Brexit is here and it's very real:
One of the most remarkable 24 hours in market history are in the bag, after risk appetite and sterling screamed higher ahead of the UK referendum expecting a REMAIN vote, only to encounter the harsh reality of a resounding LEAVE.
There was an expectation from a behavioural perspective, judging from key votes in the past, such as the Quebec and Scottish independence referendums, that the marginal voter would default to the status quo. That was emphatically not the case this time around and speaks to the risk surrounding future EU-related popular votes as well perhaps to the US presidential election. Central bank and policymakers' extend and pretend is feeding revulsion of the status quo – that’s perhaps the most profound takeaway. It’s also a strong rejection of globalisation.
There will be a strong official response, and central banks are likely already intervening, so there are significant two-way risks on the day, meaning that traders may want to take a reactive stance to developments. The Bank of England could cut rates by the time you are reading this, for example.
The technical key from here will be how we settle on the day and into early next week, as we still need to reserve judgement and have a look at daily closes before we can trust the initial reaction’s potential to follow through (some thoughts on levels below).
Most equity markets are now back to equilibrium from either February lows (global slowdown fears) or lows prior to last week’s rally. The pulse has slowed and markets are now reassessing what’s next.
– One pair to reverse considerably from the extremes has been EURGBP, and one of our points of interest going forward will be the degree to which the Brexit feeds an EU existential crisis. Signs of this are already evident in a tremendous widening of peripheral bond spreads. If the pair is able to fully reverse this result and close below perhaps 0.7900, the bears will have a compelling case. Otherwise, if the euro retains the upper hand, the next focus point is 0.8375 and then possibly 0.8700.
USD – serving as a safe haven second to the JPY but ahead of the Swiss franc so far. If risk appetite remains in the doldrums, the dovish Fed is less likely to have an impact.
EUR – surprised that EURUSD is managing to pick itself up off the mat at all – judging the 1.10-1.1100 zone as the key resistance area if we’re to see euro weakness on new existential worries overwhelm . As this is being written, the Spanish 10-year - German 10-year sovereign yield spread has vaulted to its highest level at 180 basis points since early 2014.
JPY – judging from price action only, we have seen some intervention in USDJPY overnight, or at least strong fear of intervention, with 100.00 an obviously important level, though the price action did slip to 99.00 at one point. How determined is the Bank of Japan if the pressure continues? Quite, most likely.
CHF – EURCHF plunging to a 1.0625 area low on safe haven seeking, with the next focus coming in at 1.0500. 1.0800 is the resistance. An interesting test in the coming days/weeks on the quality of the CHF safe haven.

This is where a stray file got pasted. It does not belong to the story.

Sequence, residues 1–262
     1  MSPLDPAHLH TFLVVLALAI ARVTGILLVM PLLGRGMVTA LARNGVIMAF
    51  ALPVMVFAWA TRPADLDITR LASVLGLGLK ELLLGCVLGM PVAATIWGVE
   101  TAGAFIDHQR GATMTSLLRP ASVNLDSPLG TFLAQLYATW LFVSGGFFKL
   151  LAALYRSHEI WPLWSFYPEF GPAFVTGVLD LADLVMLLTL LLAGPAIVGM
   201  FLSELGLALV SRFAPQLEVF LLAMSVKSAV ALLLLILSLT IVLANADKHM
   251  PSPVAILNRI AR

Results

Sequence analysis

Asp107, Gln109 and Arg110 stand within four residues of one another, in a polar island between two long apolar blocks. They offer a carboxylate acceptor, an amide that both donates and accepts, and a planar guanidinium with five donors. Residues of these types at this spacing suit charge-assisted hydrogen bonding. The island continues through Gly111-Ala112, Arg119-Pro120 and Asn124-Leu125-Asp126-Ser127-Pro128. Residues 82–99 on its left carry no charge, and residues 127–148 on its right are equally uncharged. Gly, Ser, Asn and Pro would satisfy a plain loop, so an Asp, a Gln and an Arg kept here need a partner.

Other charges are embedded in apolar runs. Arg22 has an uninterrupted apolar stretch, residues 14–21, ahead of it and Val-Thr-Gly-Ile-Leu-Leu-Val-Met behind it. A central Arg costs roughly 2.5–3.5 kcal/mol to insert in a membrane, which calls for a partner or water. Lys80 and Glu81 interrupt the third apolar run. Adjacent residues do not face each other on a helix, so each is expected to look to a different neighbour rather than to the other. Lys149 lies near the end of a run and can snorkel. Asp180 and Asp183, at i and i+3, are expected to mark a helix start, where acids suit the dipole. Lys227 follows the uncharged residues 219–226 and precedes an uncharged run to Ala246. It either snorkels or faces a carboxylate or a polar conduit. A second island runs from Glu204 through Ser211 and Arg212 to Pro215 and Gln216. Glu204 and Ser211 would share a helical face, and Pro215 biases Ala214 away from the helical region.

GBP – GBPUSD
at 1.3500 was taken out this morning in a new generational low not seen since 1985 (where the low was 1.0520), but it has rebounded back above that level. Looking at 1.3800-1.4000 as the key resistance zone for the pair on the day.
FX Options volatilities
Around 2100 GMT yesterday when the final polls came out the betting firms had “Leave” below a 10% chance. High in GBP was 1,5000 and at that time 1m GBPUSD traded at 12.5%, but when the first real result started to came in, the whole market was taken by surprise, and loads of blood has since flown in the streets. Low in GBPUSD 1,3230-ish, and high in 1m atm was 37 % implied vols.
Now the market is starting to digest the whole thing, and the feeling that the market has, is that UK will be all right, but the road ahead is difficult. Spot is slowly trading higher, and vols are starting to come off again, with 1m at 22-ish. RR in GBP are getting hammered as the big fear is now reality.
Bonds have staged a significant recovery from the opening gap.
Bunds backed down to the 166 level from an initial 169 spike, a 9 bps rebound in yield terms to -0.08%. XOVER was indicated more than 100 bps wider, but has seen improvement as well, although underlying market liquidity remains very soft to non-existent in many names.
European indices plummet this morning as the UK referendum ended with the Leave campaign victorious. The vote prompted UK prime minister Cameron to announce plans to step down as recession fears and lower Eurozone growth had some bourses down over 10% at one stage, wiping €650bn off the value of Europe’s shares.
Worst hit were the Eurozone banks as they suffered their biggest ever one day fall of 14+ %. UK lenders Lloyds, RBS and Barclays all plunged 16%-20%.
Gold miners profited from the flight to quality with Fresnillo and Randgold Resources rallying 11% whilst British Airway’s owner IAG fell 20% having issued a full year profits warning due to the Brexit impact.
US equity index futures trade down 3.5% in line with the global rout although all indices are comfortably off session lows.
Economic Data of the Day
- US Durable Goods (-0.5% expected) – 1230 GMT
- US University of Michigan Consumer Sentiment (94.1 exp.) – 1400 GMT
Mid-session Europe is part of TradingFloor's stable of commentary running through from the US close, through Asia to the European session. Click below to keep abreast of all the developments as they happen.
Brexit campaigner Boris Johnson was gracious in victory and paid tribute to David Cameron,
his erstwhile ally and soon-to-be ex-prime minister. Photo: BBC screengrab
— Edited by Clare MacCarthy